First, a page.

Sargent and his Friends

Dr PozziI already knew Sargent painted sublimely, and would have been probably my top choice as a portraitist had I been living in the Edwardian age.  But ‘Sargent: Portraits of Artists and Friends’ is just as interesting in elucidating the sitters as the artist.  The National Portrait Gallery exhibition brings alive a whole society of late Victorian and Edwardian artists, poets, writers, actors and intellectuals, their vivid personalities and characteristic expressions captured in Sargent’s luscious and fluid brushstrokes.

Dr. Pozzi (1881, right), the ‘father of modern French gynaecology’, stands full length in a scarlet dressing gown like a Renaissance prince or cardinal.

NPG 1767; Henry James by John Singer SargentHenry James (1913, left), a close friend of Sargent and a fellow American expat, is portrayed on his 70th birthday, a successful novelist who is yet contemplative and somewhat inscrutable.

In contrast, the portrait of the poet Coventry Patmore (1894, below right) depicts a sprightly, energetic, and fiercely intelligent old man, standing braced with a witty observation or acerbic comment on his lips.

NPG 1079; Coventry Kersey Deighton Patmore by John Singer Sargent

Robert Louis Stevenson is captured at home in two small and enigmatic portraits, one interesting composition featuring him, gaunt yet vigorous, striding across the low ceilinged room, his wife sitting incongruously doll-like in the background, the other displaying his long frame and expressive hands, arranged in a wicker chair as if in the midst of meditative conversation (1887, below).

Robert Louis Stevenson 1887

Vernon Lee (or Violet Paget, 1881, below right) was a woman of letters, feminist and pacifist – and a childhood friend of Sargent’s whom he portrays with tenderness and insight.  The rapid brushstrokes suggest that she has just turned with lips parted as she engages in debate or badinage with her hosts, her eyes behind wire spectacles shining with intelligence and passion.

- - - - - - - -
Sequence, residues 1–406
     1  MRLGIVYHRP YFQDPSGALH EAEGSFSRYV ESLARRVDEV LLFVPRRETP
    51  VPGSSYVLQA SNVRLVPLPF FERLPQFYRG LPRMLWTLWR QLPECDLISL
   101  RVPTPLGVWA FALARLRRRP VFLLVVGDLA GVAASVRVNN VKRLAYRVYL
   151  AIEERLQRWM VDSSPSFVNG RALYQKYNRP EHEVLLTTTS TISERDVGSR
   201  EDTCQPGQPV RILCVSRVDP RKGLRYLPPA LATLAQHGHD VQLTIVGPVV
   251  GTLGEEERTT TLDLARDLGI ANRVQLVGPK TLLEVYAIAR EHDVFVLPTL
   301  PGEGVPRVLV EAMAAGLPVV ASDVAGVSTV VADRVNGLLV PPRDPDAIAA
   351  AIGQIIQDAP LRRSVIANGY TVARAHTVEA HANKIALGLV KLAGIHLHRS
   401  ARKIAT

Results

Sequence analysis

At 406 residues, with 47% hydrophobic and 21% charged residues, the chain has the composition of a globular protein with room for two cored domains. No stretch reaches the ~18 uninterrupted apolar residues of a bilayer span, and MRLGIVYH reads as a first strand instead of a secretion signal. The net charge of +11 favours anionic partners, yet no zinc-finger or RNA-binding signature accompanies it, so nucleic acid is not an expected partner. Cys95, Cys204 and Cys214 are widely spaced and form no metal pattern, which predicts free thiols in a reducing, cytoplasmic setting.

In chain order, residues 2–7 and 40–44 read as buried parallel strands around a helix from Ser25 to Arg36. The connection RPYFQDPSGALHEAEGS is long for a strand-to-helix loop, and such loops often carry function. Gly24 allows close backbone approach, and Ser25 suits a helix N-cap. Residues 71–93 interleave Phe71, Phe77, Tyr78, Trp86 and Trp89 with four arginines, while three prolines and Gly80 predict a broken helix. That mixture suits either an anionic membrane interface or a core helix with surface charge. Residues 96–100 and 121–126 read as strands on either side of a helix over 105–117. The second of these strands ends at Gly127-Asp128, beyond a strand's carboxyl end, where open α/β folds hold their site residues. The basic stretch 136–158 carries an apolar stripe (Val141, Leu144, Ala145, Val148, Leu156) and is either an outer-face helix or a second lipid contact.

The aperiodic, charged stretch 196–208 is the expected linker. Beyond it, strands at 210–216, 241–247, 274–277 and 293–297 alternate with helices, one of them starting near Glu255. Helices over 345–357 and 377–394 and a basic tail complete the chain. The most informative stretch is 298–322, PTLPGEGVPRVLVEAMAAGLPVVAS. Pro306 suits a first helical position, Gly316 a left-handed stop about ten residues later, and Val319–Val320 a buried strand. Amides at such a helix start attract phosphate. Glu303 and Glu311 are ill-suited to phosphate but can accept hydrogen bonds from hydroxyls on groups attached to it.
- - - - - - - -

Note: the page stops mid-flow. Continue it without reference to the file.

Vernon Lee 1881 by John Singer Sargent 1856-1925W. Graham Robertson (1894, below left) epitomises the youthful dandy of the fin-de-siecle with his Chesterfield coat and elegant cane; the slim pale boy with his worldly pose would become a well-known illustrator and stage and costume designer, and later a playwright. Sargent depicts him in the muted grey-toned harmonies of Whistler.

W. Graham Robertson

The exhibition follows a chronological path to a certain extent, and mid-way through presents a roomful of personalities with whom Sargent lived in Broadway, Worcestershire, from 1885-1889.  Here, the Tate’s famously ethereal Chinese-lantern lit nocturne ‘Carnation, Lily, Lily, Rose’ (1885-6) is placed in context; the girls were modelled on Polly and Dorothy Barnard, the daughters of one of the Broadway artists, Frederick Barnard, whose wife is also depicted here in a more traditional portrait format.

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There are two interior scenes in this gallery that also stand apart from the portrait genre.  One depicts the Besnard family celebrating a child’s birthday; the other is ‘Le Verre de Porto’ (1884, right) which shows Sargent’s hostess in Sussex, Edith Vickers, as if captured unaware in a moment of reverie.  It is a scene more akin to Sickert with its low artificial lighting, domestic setting and sense of an unspoken private narrative – the cropping of her husband’s figure at the extreme right of the painting being another Sickertian trope, though one introduced by Impressionist painters such as Degas who were influenced by the recently available Japanese print.

Group with Parasols c.1904-5

At the far end of the exhibition, beyond the impressive array of portraits from the London, New York and Boston years of the  1890s and 1900s, is a small gallery of paintings made on European travels during these years which again show an alternative approach to the formal portrait.  ‘Group with Parasols’ (c.1904-5, left) is one of a series of ‘Siesta’ pictures that Sargent painted on a trip to the Italian Alps, in which four sleeping figures are almost indistinguishable from each other and the verdant pasture, precedence given to the effects of dappled sunlight and rhythmic composition – a loose, Impressionist style technique that was still extremely radical to British audiences.

The Fountain 1907